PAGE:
Matthias O'Keefe Scrapbook
Scope and Contents
The Matthias O’Keefe scrapbook contains newspaper clippings from O’Keefe’s election and time as mayor of Salem. The clippings begin with the recall election of previous mayor, John Hurley, in which Matthias O’Keefe came to power. Many of the scrapbook articles discuss rebuilding following the Great Salem Fire of 1914 and include information on the reconfiguration of the Salem Fire Department, and work of the Fire Relief Committee. Within a year of the fire, Salem was largely rebuilt. Announcements of the completion of factories, stores, and dwellings were reported almost daily in the Salem Evening News and are recorded in the scrapbook’s clippings. The scrapbook also includes multiple newspaper articles discussing police activity related to temperance. The reported police activity focuses primarily around Polish immigrants in the Historic Derby Street Neighborhood, that were raided for the manufacturing and selling of alcohol.
This scrapbook would be useful to those interested in Matthias O’Keefe, especially his time as mayor and the recall election of John Hurley. The scrapbook would also be of interest to those researching the Great Salem Fire of 1914 as it includes multiple clippings on the rebuilding of Salem, post-fire. An additional topic of interest would be the temperance movement and the effect on immigrant communities in Salem, both Greek and Polish immigrants are mentioned in clippings as experiencing raids by police under the request of Mayor O’Keefe, a strong temperance supporter.
- Majority of material found within 1914 - 1915
Biographical / Historical
Matthias J. O’Keefe (1866-1944)
Born in Salem, Massachusetts on July 23, 1866 to Jerimiah and Julia (Neville) O’Keefe. He attended the Bowditch School and Salem High School but left prior to graduation to begin working in the leather business under his father. He then worked as a letter carrier starting in 1892, where he remained for eleven years before taking over his brother William’s leather company.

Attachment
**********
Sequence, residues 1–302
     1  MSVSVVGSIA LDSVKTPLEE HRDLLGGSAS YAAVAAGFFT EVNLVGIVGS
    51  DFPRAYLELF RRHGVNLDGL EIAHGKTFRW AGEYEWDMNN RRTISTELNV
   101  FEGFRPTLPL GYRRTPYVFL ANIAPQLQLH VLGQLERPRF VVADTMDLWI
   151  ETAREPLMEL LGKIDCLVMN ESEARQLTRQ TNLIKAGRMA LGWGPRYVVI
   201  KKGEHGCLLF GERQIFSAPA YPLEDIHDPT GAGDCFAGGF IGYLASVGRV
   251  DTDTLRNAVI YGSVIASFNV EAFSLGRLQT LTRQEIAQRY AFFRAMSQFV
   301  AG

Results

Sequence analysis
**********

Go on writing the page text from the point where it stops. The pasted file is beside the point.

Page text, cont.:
Matthias J. O’Keefe became mayor of Salem following the recall of Mayor John F. Hurley (of silk hat fame) in the fall of 1914. As mayor, O’Keefe was tasked with the recovery of Salem following the Great Fire of 1914. He supported many initiatives that created local construction jobs for unemployed Salemites and is credited with the reorganization of Salem’s fire department. Only eleven months after the Fire, the Fire Relief Committee held its final meeting on May 12, 1915. Salem had quickly risen from the ashes with new homes, factories, and municipal buildings in constant construction around the city.
Mayor O’Keefe was a strong advocate for temperance and belonged to the Father Matthew Society. During his time as mayor, Salem’s police raided many homes and businesses in search of illegal alcohol. This mainly targeted Salem’s immigrant community, especially Poles and Greeks whose run-ins with police often appeared in the Salem Evening New and resulted in the closing of some of their businesses.
At the end of O’Keefe’s term, he chose not to seek re-election. He was succeeded by Harry P. Benson in 1916.
Following the end of his political career O’Keefe returned to the leather industry. He and his wife Katherine (née Donovan) had five children, all sons. The family longest residences were on Prospect Street and Balcomb Street in Salem.
Matthias J. O’Keefe died on October 18, 1944 in his home at 57 Federal Street in Salem. His funeral was held on October 20th at McDonald and Son Funeral Home on Hawthorne Boulevard.
.87 Cubic Feet
Language of Materials
- Municipal government--(Salem, Mass.) Subject Source: Library of Congress Subject Headings
- O'Keefe, Matthias J.
- Salem (Mass.) Subject Source: Library of Congress Subject Headings
- Salem (Mass.). Mayor Subject Source: Library of Congress Subject Headings
- Language of description
- Script of description
- Code for undetermined script
Part of the Salem State University Archives and Special Collections Repository
352 Lafayette St.
Salem MA 01970 United States